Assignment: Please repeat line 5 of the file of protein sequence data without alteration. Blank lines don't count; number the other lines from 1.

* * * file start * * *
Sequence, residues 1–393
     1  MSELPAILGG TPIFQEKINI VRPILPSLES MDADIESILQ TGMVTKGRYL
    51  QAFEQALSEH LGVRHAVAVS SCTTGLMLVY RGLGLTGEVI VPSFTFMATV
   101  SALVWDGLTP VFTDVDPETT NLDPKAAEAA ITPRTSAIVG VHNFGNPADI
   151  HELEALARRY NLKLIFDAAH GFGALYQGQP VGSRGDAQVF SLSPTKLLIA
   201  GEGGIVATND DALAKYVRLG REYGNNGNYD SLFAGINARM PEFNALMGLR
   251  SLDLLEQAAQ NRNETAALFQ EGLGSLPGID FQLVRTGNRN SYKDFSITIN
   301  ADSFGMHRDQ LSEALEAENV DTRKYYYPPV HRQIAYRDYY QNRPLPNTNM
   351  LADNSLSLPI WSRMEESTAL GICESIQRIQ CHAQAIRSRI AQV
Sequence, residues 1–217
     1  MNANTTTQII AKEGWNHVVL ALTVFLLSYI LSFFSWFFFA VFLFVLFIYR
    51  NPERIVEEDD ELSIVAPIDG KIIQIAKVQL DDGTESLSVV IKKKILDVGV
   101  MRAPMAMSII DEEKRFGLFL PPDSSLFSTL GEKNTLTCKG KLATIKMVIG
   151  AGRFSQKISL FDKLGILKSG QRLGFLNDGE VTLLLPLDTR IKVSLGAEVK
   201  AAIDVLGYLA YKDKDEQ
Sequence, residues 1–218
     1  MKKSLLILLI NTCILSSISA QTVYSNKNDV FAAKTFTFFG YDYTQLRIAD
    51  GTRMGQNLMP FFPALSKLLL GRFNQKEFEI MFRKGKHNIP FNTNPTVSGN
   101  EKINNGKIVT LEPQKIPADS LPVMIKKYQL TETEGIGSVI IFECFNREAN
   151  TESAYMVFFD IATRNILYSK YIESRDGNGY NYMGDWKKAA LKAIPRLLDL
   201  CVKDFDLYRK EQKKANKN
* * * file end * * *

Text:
   151  HELEALARRY NLKLIFDAAH GFGALYQGQP VGSRGDAQVF SLSPTKLLIA